It’s been awhile since we discussed using DBT skills to help us cope with the challenges of life with migraine. If this is your first visit to the series, please start at the beginning so you have a good foundation for our discussion.
Participation is the last of the “what” Mindfulness skills. It is the natural extension of Observe and Describe. Anyone can sit on the sidelines observing an experience and describing it. Immersing oneself in the experience invites us to be authentic participants in our own lives.
To participate with mindfulness requires our undivided attention. We do not multitask. We throw ourselves completely into one experience at a time. This is often in conflict with cultural norms. To participate mindfully is an act of modern rebellion. The first time you try it may evoke feelings of boredom or a sense that you should be doing more. Just notice the feeling (observe), acknowledge its presence (describe), and keep on going (participate).
How many times have we felt the early presence of migraine only to ignore it, hoping that it will go away? Who has not pushed down the pain in a race to complete a task before the pain passes that invisible point of no return? That is not mindful participation. That is repression, denial, and avoidance. Mindful participation involves acceptance of the truth and a willingness to experience that truth in action.
Mindful participation is not surrender. You remain an active participant in the experience. There’s nothing about this skill to prevent you from using medication and other measures to ease the pain and shorten the duration of an attack. When using this skill to cope with migraine, you stop trying to finish up that last project. A mindful migraine experience is one in which all other experiences do not exist.
When we participate with mindfulness, there is an ease to our movements. We don’t have to think about our next move because there is no next move — only here and now. We glide effortlessly through the experience. In terms of migraine, this is played out when we do not resist its arrival. Our response to medicate is instinctive, without doubt or hesitation. We simply enter the treatment process, trusting our instincts to guide us. Acting with intuition is the opposite of anxiety, self-doubt, or hesitation.
We can twist ourselves into mental knots with every migraine attack wondering when to start treating the attack and with what. Even though we’ve been through thousands of attacks, we often withhold even the simplest comfort measures. Instead of reaching for that ice pack and turning off the lights, we hesitate. We waste time trying to stop the inevitable rather than allowing ourselves to do what is best in the moment.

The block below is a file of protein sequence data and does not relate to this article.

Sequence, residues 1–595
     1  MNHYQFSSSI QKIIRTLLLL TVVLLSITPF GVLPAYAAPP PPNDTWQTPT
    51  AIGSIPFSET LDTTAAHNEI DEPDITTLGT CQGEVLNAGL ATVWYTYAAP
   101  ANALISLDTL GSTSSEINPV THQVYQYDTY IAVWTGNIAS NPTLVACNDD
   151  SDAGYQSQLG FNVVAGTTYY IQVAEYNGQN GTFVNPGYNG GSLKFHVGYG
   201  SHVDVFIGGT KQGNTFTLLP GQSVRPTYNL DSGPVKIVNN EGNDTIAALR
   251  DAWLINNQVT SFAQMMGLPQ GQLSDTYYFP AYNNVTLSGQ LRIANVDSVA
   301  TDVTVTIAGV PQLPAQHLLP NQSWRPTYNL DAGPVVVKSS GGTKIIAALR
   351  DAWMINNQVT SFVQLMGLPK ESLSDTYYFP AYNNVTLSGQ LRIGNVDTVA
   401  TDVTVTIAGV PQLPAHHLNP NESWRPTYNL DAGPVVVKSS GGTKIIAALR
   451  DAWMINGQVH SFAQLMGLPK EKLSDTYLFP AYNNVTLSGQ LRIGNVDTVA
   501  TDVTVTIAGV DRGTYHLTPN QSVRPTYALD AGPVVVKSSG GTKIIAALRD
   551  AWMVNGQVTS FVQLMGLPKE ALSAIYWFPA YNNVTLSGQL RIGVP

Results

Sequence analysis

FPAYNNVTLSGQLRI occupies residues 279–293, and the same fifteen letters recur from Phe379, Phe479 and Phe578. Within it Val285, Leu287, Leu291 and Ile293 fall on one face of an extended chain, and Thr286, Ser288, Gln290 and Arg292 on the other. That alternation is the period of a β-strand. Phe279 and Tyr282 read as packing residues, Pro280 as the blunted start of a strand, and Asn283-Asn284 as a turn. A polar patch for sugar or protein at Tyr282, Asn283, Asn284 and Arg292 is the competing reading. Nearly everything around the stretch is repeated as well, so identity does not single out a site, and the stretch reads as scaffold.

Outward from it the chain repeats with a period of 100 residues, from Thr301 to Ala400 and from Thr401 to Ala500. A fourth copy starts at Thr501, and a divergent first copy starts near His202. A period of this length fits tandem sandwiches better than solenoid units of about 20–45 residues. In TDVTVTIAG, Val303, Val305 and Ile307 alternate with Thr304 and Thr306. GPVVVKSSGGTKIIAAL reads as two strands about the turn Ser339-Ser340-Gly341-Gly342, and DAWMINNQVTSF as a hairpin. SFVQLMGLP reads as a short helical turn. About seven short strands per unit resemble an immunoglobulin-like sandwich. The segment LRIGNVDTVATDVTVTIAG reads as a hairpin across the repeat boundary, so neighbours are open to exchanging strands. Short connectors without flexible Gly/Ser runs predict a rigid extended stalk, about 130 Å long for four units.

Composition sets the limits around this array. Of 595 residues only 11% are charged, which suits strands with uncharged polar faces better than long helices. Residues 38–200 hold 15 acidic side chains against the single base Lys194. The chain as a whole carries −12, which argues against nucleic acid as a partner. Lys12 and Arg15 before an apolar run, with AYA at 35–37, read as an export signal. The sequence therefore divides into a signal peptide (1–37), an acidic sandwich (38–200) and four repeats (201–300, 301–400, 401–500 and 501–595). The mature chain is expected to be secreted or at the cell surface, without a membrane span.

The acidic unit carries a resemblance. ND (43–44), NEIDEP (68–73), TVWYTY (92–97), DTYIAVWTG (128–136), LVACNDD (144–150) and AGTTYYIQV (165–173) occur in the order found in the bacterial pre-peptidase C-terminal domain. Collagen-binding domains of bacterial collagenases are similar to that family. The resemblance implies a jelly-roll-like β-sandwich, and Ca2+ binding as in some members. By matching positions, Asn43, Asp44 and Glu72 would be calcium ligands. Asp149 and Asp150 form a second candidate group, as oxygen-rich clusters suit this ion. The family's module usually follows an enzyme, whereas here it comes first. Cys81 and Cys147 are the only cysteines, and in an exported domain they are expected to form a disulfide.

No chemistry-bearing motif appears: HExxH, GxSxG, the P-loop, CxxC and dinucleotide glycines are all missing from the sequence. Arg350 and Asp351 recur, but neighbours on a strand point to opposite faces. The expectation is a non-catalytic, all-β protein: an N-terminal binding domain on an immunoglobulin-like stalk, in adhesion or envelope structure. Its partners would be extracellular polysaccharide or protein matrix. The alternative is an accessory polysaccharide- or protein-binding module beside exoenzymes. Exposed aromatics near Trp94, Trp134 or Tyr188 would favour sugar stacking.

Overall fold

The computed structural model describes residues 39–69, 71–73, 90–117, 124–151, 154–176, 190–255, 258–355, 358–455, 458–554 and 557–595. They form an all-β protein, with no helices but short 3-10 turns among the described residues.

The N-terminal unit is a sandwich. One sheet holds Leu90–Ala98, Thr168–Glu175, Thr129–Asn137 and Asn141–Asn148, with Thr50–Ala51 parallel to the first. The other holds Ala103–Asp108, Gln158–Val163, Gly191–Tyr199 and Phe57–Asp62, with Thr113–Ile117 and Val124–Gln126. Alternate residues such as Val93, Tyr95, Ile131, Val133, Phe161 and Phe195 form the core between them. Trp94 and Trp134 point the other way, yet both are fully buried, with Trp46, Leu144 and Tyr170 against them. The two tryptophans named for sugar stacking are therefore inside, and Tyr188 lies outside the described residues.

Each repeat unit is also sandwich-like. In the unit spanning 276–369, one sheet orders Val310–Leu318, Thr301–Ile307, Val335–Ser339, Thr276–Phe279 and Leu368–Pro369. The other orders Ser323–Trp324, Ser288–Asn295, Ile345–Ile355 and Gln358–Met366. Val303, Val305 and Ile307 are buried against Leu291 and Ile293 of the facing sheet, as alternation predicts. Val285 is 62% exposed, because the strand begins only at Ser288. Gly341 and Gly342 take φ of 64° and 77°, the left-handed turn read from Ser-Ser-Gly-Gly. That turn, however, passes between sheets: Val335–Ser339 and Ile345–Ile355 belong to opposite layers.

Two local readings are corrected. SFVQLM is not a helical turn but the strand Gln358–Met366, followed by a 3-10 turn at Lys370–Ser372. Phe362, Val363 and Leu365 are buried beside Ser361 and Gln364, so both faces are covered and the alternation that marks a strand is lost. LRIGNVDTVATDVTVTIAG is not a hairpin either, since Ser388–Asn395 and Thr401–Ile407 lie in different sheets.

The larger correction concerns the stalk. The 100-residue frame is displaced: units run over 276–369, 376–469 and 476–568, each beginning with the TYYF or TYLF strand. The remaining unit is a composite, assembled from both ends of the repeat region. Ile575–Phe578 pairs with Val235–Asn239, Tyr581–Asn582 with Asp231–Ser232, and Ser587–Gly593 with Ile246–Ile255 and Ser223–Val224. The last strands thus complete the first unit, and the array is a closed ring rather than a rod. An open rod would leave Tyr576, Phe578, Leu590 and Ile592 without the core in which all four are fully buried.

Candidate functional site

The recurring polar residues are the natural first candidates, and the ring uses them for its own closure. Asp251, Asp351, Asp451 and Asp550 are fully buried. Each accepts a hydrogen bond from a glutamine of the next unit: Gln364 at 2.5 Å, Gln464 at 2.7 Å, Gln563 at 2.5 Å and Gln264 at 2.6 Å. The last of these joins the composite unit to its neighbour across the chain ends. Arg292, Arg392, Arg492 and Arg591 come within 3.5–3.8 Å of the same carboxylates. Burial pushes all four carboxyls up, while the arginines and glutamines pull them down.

Let go of self-consciousness
Most of the time our minds are filled with self-assessments, particularly when it comes to migraine. By letting go of this internal observer, we can participate in the experience with carefree abandon. We do what feels right at the time instead of being held back by our self-conscious critic.
I didn’t really understand how this could apply to migraine until I experienced a cluster headache attack. I have described in other posts that the pain of a cluster attack forces me to behave in ways that contradict my personality. Normally stoic in the face of pain, a cluster attack is so intense that I can no longer contain my behavior. I rock, pace, scream, curse, and otherwise make a loud mess in a desperate attempt to manage the pain. Migraine does not require that of me. In fact, the more stoic I behave, the less throbbing and pounding I experience. Migraine is invisible, in part, because silence and stillness ease the pain. None of us start out trying to hide the pain. We learn from experience that the pain of migraine is lessened when we are quiet and still. Migraine becomes its own reinforcer — rewarding us for staying quiet and punishing us for stepping out of line.
There are also cultural pressures that place value on “suffering in silence.” The social stigma of migraine encourages our silence, too. The real question to ask yourself is, “How do I behave with migraine when all alone?” When you think no one can see your pain, far from the critical eyes of society, what do you do? Mindful participation invites us to behave in ways that are consistent with who we really are, not with what we think is expected of us. When in public, do you conceal your medication, try to cope without comfort measures, and pretend that everything is fine even when your head is pounding so badly that you can’t see straight? Would you do this if you were at home alone? Of course you wouldn’t! Mindful participation allows us to be as genuine in public as we are in private.